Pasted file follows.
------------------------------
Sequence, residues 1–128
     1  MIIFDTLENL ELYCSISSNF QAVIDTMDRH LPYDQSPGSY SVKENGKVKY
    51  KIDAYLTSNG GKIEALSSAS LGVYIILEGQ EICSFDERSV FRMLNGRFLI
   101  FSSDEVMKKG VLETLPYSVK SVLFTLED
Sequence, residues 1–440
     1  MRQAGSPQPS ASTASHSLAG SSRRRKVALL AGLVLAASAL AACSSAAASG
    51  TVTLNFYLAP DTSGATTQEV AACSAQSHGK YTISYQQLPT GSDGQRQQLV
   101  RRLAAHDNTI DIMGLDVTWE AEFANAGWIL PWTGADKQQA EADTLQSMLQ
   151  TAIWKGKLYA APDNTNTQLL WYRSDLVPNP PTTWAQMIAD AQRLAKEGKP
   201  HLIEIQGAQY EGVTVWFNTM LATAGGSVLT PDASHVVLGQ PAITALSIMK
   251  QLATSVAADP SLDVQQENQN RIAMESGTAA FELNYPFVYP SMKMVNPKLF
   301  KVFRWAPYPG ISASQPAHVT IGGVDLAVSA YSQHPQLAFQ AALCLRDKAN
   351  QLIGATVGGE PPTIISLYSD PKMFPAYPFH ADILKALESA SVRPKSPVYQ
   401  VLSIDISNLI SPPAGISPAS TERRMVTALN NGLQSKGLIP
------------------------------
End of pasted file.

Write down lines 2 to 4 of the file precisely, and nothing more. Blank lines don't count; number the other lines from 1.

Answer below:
     1  MIIFDTLENL ELYCSISSNF QAVIDTMDRH LPYDQSPGSY SVKENGKVKY
    51  KIDAYLTSNG GKIEALSSAS LGVYIILEGQ EICSFDERSV FRMLNGRFLI
   101  FSSDEVMKKG VLETLPYSVK SVLFTLED